Tokyo Olympics: Jade Jones only aims gold for GB team after triumphing in London and Rio
The fighter who got into the habit of winning Olympic gold medals developed another habit of losing them.
“I’m a nightmare,” says Jade Jones, and it’s a term that can be viewed from two angles.
For those on the other side of a taekwondo mat, Jones is the immutable object that won gold in the 57kg category at the London and Rio Olympics, and Tokyo could become the first British woman in any sport to win three consecutive Games. She’s pretty decent at what she does.
GB team’s Jade Jones eyes gold in taekwondo at Tokyo Olympics
But with all of this comes the other kind of nightmare. Self-inflicted and recurring, where she’s downright terrible at dealing with what she fought for. “I lose my medals all the time,” she says.
“My grandfather has them now. He took them away from me!
It’s grandfather Martin Foulkes, who didn’t appreciate Jones smoking at the age of 10 at his home in Flint, Wales, and instead made him play sports. Yesterday and now he was leading her straight ahead. She adds: “He keeps the medals because I kept losing them.”
This happened twice when she won her first gold medal in London 2012 – once in the restroom at the Olympic stadium and another time in the taekwondo hall – and in the years that followed, they have disappeared in various other places.
“I only had it one day the first time in 2012,” says Jones. “It was literally the day after the victory and I was cheering on Lutalo Muhammad (who won bronze for the GB team). I just got up and left the box in the stands.
Jones hopes to become the first British woman in any sport to triumph at three consecutive Games
“This first time, it was a terrible feeling. It’s difficult because you can’t just go and ask for another one. I noticed it pretty early each time, maybe in less than an hour, and I ran back and luckily found it.
“There was another time I made a sponsor appearance (after Rio) when I brought the medals so people could see them. After about 30 minutes, I had no idea where they were. A random guy had them.
“My family doesn’t trust me with them anymore. Even in Rio, we had this time when I was with my mom in a taxi. The pilots were wearing replica medals there and we were going out and my mom started shouting, “Jade, he’s got your medal.” It wasn’t mine but they think I can’t keep them safe! ‘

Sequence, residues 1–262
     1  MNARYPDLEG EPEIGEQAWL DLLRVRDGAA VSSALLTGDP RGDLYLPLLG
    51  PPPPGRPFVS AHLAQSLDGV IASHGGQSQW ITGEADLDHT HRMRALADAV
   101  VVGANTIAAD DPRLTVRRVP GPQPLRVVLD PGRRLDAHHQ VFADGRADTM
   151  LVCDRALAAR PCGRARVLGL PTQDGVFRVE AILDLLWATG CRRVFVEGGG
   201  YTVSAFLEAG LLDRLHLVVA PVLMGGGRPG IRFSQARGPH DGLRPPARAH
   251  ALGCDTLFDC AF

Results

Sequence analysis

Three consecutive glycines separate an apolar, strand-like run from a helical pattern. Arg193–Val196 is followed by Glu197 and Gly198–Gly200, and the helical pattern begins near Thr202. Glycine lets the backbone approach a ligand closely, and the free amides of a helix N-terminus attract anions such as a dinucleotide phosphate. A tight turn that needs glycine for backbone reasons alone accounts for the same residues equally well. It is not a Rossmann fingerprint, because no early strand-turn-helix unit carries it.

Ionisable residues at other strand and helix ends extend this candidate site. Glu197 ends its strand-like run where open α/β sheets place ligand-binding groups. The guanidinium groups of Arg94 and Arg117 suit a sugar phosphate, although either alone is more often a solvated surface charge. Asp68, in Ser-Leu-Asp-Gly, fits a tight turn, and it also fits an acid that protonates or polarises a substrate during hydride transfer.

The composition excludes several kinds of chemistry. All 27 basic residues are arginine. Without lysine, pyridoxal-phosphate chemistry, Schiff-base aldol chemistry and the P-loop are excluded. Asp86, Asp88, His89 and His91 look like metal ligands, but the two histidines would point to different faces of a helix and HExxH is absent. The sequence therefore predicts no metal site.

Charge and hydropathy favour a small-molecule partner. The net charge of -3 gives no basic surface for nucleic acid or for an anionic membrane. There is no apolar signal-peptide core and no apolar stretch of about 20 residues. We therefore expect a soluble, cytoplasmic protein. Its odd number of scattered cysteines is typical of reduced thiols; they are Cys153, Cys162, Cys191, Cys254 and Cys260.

The 28-year-old has been pretty close to a guaranteed success over the past decade, ranging from
the first Youth Olympic Games in 2010, where she became the first British athlete to win gold, to date, with 26 other major medals collected in between. Beyond his two Olympic gold medals, there has been a world title in 2019, three European gold medals – the most recent in April – and a record eight Grand Prix victories.
In a 57kg field, where Jones believes “five or six women have a good chance of winning,” the Welsh fighter will again be the favorite for gold in Japan.
If it keeps its promises, the anticipated lineup of taekwondo in Tokyo will allow it to obtain a treble 2012-2016-2021 in front of the dressage rider Charlotte Dujardin, the rower Helen Glover and the cyclist Laura Kenny.
For those on the other side of the taekwondo mat, Jones has become the immutable object
Another gold medal would also make Jones the first taekwondo fighter of any nationality to reach three. Partly for these reasons, she’s extremely narrow in what she thinks are good Games.
“British female athletes haven’t done three in a row, and it hasn’t been done in taekwondo, so if it’s a gold medal, that’s a big story,” he explains. it.
“I know it’s a tough task, and the fact that I’ve given so much to my preparation means I know I can come out of it proud, but for me nothing less than a gold medal is a failure.”
For Jones, the challenges of the lockdown were mitigated to some extent by living with Bianca Walkden, her British teammate and three-time world champion at 73kg. She paints a picture of brutal sparring sessions.
“We’re good friends,” says Jones, speaking at an event promoting Optimum Nutrition. “But we are competitive with each other and we just turned it into a training camp in the garage.”
One time in particular, the sparring heated up. “I was just coming back from an injury, so I was a little rusty,” she says.
“She hit me completely in the face and my mouth is bleeding, my teeth are bleeding. I just wanted to get it back and I scream. My first instinct at this time is to attack.
Jones celebrates after winning gold in the 57kg category at the 2016 Rio Olympics
Another unexpected bump came from the departure in 2017 of Paul Green, who had been Jones’ coach since he was a teenager. They had fallen out over Jones appearing on Channel 4’s The Jump series in 2016, but that had been fixed by the time he suddenly left and took a position with the USA team.
“It was difficult,” she says. “I’ve been with him since I was about 14 and it becomes like family. I thought, “My God, I’ll never be so good now.” But I am well placed now with my configuration.
It is not yet known if this is good enough for another gold. Likewise, if she can keep it this time.
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